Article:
Titanium was promised to be the hot new material for golfers back in the 1990s, but given recent events in California, we’ll bet the creators had no idea of the flammable properties.
TV stations in America reported last week that a golfer was trying to hit his ball out of dry rough at Arroyo Trabuco Golf Club (Orange County, California) when his titanium-alloy club struck a rock, causing a spark that, in turn, set off a blaze that eventually spread to nearly 100 acres of adjoining bushland.
The science behind it all is that a metal clubhead won’t spark with a rock, but a titanium head will – just about every time it strikes a rock at 90 miles per hour or more. In fact, the temperature of a spark coming off a Titanium headed golf club can be as high as 1648 degrees Celsius, reported the local Californian Fire Authority.
In California, the golfer in question attempted to put the fire out, but it spread too quickly. It was three hours before it was fully contained. Interestingly, the same thing happened at the same course in 2011 and has happened at other golf courses in America. (Maybe their rocks are more ‘sparky’ that our old Australian ones?) Because we sure know, with the average handicap of Australian golfers currently at 19, there are a lot of missed fairways, a lot of rocks and plenty of titanium wielding c-graders, in prime bushfire conditions.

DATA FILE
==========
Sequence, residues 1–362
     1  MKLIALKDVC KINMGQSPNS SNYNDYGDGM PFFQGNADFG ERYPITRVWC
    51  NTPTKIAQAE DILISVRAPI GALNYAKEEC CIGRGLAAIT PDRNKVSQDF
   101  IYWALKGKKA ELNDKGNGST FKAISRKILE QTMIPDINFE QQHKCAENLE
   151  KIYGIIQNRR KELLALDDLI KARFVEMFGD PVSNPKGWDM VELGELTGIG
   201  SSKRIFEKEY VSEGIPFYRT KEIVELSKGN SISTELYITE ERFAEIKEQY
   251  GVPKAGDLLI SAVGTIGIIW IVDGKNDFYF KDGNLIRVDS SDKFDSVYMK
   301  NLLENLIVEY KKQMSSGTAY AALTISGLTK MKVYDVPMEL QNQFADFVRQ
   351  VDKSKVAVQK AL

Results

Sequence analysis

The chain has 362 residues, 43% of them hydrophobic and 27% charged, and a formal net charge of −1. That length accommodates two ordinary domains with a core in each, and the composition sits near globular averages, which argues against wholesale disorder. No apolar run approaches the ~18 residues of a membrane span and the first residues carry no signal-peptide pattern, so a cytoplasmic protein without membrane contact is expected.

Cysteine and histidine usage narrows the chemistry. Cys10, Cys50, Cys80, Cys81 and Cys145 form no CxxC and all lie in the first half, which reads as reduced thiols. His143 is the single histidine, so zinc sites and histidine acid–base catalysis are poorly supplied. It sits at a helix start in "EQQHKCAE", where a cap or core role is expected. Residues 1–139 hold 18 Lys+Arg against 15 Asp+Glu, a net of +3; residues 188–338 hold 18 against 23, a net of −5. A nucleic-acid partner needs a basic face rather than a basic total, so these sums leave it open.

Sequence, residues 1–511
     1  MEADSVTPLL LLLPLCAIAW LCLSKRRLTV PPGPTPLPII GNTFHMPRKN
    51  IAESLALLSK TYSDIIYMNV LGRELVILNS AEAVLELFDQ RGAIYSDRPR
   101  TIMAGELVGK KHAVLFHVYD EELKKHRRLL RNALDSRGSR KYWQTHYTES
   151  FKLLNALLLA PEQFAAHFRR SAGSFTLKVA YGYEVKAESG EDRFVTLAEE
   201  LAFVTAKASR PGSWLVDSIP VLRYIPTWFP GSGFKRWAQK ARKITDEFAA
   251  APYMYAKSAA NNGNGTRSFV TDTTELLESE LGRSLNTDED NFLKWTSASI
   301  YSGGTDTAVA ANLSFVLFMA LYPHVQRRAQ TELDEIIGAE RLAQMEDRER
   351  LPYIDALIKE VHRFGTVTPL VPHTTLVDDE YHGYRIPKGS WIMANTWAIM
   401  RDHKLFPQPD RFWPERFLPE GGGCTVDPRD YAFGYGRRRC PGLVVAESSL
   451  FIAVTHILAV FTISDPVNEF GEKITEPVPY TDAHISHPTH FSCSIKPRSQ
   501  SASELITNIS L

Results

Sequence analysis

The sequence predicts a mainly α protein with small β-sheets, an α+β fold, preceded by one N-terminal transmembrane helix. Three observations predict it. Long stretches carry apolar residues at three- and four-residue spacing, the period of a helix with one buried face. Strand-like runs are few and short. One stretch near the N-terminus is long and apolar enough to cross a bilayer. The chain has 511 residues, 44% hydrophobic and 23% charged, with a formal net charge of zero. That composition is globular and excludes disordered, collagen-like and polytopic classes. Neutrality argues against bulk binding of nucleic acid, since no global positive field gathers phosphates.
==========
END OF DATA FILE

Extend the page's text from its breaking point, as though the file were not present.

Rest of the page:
What does it all mean? Keep your ball on the fairway and if you are playing a dry course in Victoria this summer and happen to hit a wayward shot into the hay, perhaps chip it onto the fairway, or if you must have a lash, make sure you are carrying a fire extinguisher!
Video: Titanium Clubs Cause Golf Course Fires, UC Irvine Study Finds
Click here to read the findings of a 2014 UC Irvine Study on titanium golf clubs causing fires, published in the peer-reviewed journal Fire and Materials, .